I became involved with WUS(UK) in 1977, when I took on coordinating the Oxford Refugee Scholarships Scheme while a postgraduate student at Oxford University. I later became a member of the WUS(UK) national committee, and served for one or two years as vice-chair. This contribution is concerned with both ‘local activist’ and ‘national representative’ experiences.
The Oxford Refugee Scholarships Scheme
The Oxford Refugee Scholarships Scheme was quite substantial in the late 1970s. (It disappeared sometime in the late 1980s, so far as I can tell, but a similar scheme is operating now, albeit on a smaller scale. I’ve even been involved, forty years on, having recently returned to Oxford, in efforts to rebuild it.) Here, briefly, is how it worked.
As well as university departments, Oxford students belong to some 35 colleges, which are social, residential for a substantial proportion of students, and, for undergraduates, provide a significant proportion of teaching contact.
The scheme encouraged student committees (known as JCRs) in individual colleges to establish a fund to support the living expenses of a refugee student within their college. Where JCRs agreed, money was collected through a small supplement to the termly bills (known as battels) which students paid for their accommodation, meals and other college costs. In most cases, this was on an opt-out basis and, because most students contributed, the sum per head was small. If the student body raised sufficient funds for a refugee student’s living expenses, then the college and the university would waive their academic fees.
The model has been used elsewhere, but the scheme at Oxford in the late 1970s was one of the most substantial. Over 20 colleges were involved, with five or six new refugee scholars therefore being recruited every year (for three-year courses). These could be either undergraduates or graduates. This was managed from 1974 through an elected student representative committee, with the support of the University Admissions Office and WUS. It was greatly helped by Anne Yates, the University’s Advisor to Overseas Students, herself an exile from apartheid (and biographer of Michael Scott).
Applications came mostly from refugees in countries of first refuge – particularly in Africa and Latin America – rather than those already in Britain, as would more likely be the case today. They were advertised through British Council offices and UNHCR as well as through WUS, which was immensely supportive from 1974 onwards. Stuart Appleton from WUS(UK) headquarters visited Oxford for regular coordination meetings of the committee representing the different college groups involved, which I coordinated through 1977-80, and WUS worked with the university, college authorities and the student committee to support the application and selection processes. It was through Stuart that I came to know WUS well.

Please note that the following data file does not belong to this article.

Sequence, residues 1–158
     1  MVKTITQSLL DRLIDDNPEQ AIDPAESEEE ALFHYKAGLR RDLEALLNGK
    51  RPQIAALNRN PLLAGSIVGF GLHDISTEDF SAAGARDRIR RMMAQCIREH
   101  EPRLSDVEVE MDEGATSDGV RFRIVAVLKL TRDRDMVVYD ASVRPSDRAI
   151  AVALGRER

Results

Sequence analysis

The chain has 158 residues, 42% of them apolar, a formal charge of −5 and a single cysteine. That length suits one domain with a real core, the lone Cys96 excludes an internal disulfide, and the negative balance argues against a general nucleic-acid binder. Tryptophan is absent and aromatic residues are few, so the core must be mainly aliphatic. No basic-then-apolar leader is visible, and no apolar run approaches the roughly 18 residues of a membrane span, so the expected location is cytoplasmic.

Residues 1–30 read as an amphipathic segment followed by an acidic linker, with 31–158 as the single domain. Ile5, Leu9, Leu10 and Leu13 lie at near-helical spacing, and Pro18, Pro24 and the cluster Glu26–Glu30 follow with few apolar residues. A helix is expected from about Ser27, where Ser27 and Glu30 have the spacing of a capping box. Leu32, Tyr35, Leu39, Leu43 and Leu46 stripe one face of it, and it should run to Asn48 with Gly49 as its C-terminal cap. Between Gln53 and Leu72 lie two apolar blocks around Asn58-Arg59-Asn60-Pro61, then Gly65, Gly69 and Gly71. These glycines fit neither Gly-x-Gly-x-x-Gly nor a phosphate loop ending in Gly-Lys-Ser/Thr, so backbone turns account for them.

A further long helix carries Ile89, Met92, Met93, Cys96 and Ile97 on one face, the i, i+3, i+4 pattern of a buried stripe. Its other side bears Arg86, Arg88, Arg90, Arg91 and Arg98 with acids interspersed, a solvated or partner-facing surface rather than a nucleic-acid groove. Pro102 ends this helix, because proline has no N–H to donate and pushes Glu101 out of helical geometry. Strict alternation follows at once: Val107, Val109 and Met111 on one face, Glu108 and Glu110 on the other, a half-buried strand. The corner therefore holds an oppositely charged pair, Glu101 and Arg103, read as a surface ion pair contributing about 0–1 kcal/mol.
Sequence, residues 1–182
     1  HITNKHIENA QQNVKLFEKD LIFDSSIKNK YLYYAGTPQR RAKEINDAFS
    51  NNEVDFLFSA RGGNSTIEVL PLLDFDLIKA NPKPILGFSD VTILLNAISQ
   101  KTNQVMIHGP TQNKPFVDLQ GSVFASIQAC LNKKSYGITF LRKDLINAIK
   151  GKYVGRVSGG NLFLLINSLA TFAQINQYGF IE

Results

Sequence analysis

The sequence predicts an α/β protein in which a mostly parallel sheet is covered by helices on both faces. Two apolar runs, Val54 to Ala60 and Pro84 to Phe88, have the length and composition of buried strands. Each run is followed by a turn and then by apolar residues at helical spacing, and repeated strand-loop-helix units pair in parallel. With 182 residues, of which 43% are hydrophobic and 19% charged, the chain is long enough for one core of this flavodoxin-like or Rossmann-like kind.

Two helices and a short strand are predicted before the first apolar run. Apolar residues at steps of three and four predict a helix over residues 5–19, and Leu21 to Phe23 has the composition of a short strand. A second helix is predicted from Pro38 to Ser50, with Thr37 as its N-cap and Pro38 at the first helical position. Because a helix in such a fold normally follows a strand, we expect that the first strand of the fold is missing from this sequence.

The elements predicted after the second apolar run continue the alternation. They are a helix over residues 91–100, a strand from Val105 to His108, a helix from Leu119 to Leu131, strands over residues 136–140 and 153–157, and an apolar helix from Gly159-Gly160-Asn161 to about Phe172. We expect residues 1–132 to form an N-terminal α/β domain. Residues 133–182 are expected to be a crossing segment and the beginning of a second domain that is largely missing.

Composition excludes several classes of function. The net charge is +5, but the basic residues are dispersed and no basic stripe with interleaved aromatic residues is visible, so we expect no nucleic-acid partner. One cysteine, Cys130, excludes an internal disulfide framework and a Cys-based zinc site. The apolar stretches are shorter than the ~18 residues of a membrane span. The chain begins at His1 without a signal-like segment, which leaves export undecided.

WUS engagement also served as a basis for some wider campaigning in Oxford around international and refugee student issues. Links were forged between the committee and international student groups such as the African Society. Several committee members have remained engaged with refugee issues since (including myself and my wife, Carole Teague/Souter, whom I met through the committee and who is now Master of one of Oxford’s postgraduate colleges).
It would not have been possible to run as successful a scheme as this without the professional support that came from WUS(UK). Although this particular scheme faded sometime in the later
1980s, or possibly the 1990s – records on this are hard to find – a similar scheme was initiated by students at several colleges around the middle of the decade now ending. This has been reinforced this year by the introduction of a number of new refugee scholarships and by a university-wide scheme to waive fees (now considerably higher in real terms than they were in the late ‘70s) where there is student or college support along lines similar to the historic scheme.
Similar schemes have been established independently in other universities, with coordination through the Universities of Sanctuary organisation. In Oxford, interest in scholarships has also proved a catalyst for revitalising action involving different parts of the university – departments as well as colleges, staff as well as students – in support of the (now much larger) resident refugee communities within the city. The legacy of WUS(UK) involvement can be seen in all of this.